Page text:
Hi Webflowers, it’s the Episode 2 of custom code snippets you would use in your projects. Check out the first episode if you missed it.
Let’s start with something simple but sometimes very useful. Working as a designer, I bump into custom bullet design requests pretty often. It’s used to highlight some points and attract users’ attention. Here are three situations when I need whether a custom bullet color, a shape, or an icon. I use the following for that.
Do some initial settings before applying custom bullets:
If you want to use a custom icon for your bullets, you will not even need a custom code. Use a background image with custom size and positioning for that.
I use these list icons. Feel free to duplicate them.
By default, textareas can be resized both horizontally and vertically. Resizing textareas horizontally usually breaks the markup layout. That's why I prefer to disable horizontal resizing. If needed, you can disable resizing completely — just add this little CSS snippet to your page:
It’s good to know that Webflow is working on the new feature allowing us to create custom breakpoints. You’ll be able to create styles for various screen resolutions out of Webflow standard list. You may find this feature especially useful for big screen resolutions like 27-inch 4K monitors.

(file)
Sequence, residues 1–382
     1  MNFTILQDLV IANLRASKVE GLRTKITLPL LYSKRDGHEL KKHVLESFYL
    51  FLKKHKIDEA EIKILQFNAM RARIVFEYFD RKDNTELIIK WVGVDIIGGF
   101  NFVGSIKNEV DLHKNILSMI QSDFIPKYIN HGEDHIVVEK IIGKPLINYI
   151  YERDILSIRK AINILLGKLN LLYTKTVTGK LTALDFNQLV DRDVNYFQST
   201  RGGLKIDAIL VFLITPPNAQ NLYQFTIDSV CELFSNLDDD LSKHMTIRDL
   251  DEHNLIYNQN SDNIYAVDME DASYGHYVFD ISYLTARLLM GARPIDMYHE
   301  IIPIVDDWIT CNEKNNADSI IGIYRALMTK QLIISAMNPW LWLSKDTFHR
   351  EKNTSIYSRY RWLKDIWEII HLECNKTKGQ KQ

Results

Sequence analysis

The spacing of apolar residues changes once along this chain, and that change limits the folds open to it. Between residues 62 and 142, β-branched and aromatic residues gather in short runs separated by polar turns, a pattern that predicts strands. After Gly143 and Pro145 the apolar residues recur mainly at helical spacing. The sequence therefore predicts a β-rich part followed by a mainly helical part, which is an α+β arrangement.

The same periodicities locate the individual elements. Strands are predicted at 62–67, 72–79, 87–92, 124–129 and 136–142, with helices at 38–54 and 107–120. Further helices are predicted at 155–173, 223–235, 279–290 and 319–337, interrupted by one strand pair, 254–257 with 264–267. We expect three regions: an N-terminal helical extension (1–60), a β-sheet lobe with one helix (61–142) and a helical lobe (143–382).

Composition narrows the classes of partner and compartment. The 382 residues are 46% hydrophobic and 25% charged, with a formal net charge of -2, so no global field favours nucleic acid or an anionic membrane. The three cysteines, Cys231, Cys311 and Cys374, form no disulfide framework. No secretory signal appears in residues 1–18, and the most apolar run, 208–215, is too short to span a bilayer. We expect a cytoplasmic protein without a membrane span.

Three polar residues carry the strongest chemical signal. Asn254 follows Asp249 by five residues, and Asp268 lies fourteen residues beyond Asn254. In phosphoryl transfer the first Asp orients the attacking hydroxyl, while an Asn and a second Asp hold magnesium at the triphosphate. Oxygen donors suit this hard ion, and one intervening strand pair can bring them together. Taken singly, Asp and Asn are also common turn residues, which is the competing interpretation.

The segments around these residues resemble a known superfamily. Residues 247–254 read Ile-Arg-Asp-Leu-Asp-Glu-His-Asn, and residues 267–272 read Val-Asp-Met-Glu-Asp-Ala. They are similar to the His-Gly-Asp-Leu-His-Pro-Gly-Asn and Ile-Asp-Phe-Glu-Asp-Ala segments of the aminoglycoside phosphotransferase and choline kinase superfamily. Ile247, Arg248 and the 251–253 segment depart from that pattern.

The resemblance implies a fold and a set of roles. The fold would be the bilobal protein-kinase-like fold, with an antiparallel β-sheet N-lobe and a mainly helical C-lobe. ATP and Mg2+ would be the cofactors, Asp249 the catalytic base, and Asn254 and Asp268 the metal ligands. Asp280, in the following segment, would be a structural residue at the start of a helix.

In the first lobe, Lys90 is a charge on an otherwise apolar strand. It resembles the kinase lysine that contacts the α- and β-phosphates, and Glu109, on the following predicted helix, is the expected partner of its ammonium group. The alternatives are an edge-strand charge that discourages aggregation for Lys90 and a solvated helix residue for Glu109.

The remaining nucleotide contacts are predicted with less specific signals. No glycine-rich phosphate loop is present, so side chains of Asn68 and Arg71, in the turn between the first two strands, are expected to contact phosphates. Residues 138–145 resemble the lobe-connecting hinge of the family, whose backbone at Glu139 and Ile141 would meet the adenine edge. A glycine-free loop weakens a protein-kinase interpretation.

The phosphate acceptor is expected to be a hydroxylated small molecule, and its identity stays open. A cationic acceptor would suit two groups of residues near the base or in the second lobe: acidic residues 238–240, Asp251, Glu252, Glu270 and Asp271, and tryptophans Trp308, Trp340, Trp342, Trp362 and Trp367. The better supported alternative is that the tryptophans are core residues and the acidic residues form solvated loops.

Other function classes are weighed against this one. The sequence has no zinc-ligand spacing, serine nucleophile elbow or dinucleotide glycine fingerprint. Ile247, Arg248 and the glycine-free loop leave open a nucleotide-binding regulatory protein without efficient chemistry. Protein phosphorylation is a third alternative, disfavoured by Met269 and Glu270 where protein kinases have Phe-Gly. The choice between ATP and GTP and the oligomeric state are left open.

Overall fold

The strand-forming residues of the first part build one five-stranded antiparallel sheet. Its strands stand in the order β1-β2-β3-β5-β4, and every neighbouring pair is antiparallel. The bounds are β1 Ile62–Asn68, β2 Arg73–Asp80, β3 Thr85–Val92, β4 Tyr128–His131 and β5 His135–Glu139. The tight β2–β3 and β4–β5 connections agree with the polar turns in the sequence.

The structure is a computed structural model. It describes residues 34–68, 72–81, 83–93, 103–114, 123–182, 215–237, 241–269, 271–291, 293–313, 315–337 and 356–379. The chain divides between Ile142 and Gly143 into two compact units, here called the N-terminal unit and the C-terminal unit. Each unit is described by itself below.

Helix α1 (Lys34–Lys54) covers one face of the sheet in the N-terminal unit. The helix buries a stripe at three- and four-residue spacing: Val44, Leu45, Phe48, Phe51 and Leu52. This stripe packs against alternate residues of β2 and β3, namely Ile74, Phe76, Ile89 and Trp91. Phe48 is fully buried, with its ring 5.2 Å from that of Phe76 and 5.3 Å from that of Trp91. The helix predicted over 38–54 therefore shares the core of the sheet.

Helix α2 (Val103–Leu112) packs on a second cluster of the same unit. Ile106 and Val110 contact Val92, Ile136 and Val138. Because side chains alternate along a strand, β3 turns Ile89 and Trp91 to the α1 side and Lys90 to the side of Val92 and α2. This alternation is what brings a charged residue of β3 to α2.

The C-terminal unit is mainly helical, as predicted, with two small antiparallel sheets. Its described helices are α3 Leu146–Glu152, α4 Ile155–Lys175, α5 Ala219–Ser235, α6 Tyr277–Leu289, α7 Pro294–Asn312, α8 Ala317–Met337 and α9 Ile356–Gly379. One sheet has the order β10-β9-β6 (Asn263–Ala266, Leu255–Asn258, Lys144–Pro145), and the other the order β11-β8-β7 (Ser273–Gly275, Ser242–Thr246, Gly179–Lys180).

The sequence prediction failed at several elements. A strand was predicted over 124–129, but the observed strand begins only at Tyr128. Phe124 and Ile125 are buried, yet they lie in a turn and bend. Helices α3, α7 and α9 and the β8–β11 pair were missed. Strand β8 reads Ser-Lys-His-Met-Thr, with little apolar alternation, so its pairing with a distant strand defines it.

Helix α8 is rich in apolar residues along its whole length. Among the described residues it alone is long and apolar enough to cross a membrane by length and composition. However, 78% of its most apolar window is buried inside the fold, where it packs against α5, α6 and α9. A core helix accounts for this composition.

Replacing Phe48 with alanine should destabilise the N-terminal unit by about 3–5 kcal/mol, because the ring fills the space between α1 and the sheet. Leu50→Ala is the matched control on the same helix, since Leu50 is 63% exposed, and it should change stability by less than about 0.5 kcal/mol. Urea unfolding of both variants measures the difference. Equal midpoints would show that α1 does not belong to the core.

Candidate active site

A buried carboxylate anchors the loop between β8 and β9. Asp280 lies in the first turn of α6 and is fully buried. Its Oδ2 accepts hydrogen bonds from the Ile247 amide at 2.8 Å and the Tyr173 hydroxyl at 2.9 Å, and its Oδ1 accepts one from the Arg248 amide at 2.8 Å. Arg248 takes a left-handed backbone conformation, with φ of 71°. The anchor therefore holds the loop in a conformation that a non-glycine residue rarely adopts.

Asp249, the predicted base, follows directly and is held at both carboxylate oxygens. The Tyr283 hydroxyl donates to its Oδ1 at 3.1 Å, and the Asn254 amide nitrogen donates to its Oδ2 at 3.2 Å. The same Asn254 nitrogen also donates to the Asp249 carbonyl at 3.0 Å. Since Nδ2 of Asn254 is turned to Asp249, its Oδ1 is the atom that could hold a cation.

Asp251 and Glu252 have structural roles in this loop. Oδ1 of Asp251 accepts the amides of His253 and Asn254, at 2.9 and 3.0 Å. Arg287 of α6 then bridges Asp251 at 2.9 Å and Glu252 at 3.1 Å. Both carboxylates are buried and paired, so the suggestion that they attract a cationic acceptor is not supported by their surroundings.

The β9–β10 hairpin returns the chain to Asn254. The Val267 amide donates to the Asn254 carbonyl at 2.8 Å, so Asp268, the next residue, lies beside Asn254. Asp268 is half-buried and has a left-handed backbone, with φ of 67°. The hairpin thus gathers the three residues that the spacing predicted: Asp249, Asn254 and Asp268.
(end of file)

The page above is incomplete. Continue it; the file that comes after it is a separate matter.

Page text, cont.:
At the moment if you want to apply custom CSS styles only for certain resolutions, use the following code snippets:
Styles will be applied for resolutions more than 1440px
Webflow default tablet breakpoint. Styles works on resolutions from 768px to 992px.
Webflow default mobile landscape breakpoint. Styles works on resolutions from 480px to 767px.
Webflow default mobile breakpoint. Styles works on resolutions up to 479px and covers all mobile devices in portrait orientation.
Sometimes, when you use a custom JS code, you would rather run that code only for certain resolutions. It works similar to the CSS example above but with different syntax.
You could notice that font type looks different in a design tool like Figma, Sketch, etc. and on-screen after implementation. Text looks very different, depending on whether subpixel rendering, standard antialiasing, or no smoothing at all is used. Unfortunately, various operating systems and even browsers have different smoothing settings. However, you can keep it under your control by adding the following code to your project. In most cases, the middle smoothing level antialiased works well, but you can play around with that property using the strong smoothing level subpixel-antialiased or disable it with the none value.
Follow us on the Web to get more code snippets and tricks! Feel free to share custom scripts you use, or let us know if you are having any issues with Webflow and we will do our best to help you!
See you in the next episode!